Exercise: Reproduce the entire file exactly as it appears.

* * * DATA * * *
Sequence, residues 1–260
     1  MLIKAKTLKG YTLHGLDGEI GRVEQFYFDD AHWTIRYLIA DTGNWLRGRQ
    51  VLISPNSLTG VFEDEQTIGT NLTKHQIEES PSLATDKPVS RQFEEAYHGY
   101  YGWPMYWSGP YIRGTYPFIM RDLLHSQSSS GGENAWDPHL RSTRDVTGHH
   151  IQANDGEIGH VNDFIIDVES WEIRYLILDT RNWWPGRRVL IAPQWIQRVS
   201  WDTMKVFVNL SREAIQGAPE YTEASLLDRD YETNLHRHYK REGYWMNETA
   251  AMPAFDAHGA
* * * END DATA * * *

Sequence, residues 1–260
     1  MLIKAKTLKG YTLHGLDGEI GRVEQFYFDD AHWTIRYLIA DTGNWLRGRQ
    51  VLISPNSLTG VFEDEQTIGT NLTKHQIEES PSLATDKPVS RQFEEAYHGY
   101  YGWPMYWSGP YIRGTYPFIM RDLLHSQSSS GGENAWDPHL RSTRDVTGHH
   151  IQANDGEIGH VNDFIIDVES WEIRYLILDT RNWWPGRRVL IAPQWIQRVS
   201  WDTMKVFVNL SREAIQGAPE YTEASLLDRD YETNLHRHYK REGYWMNETA
   251  AMPAFDAHGA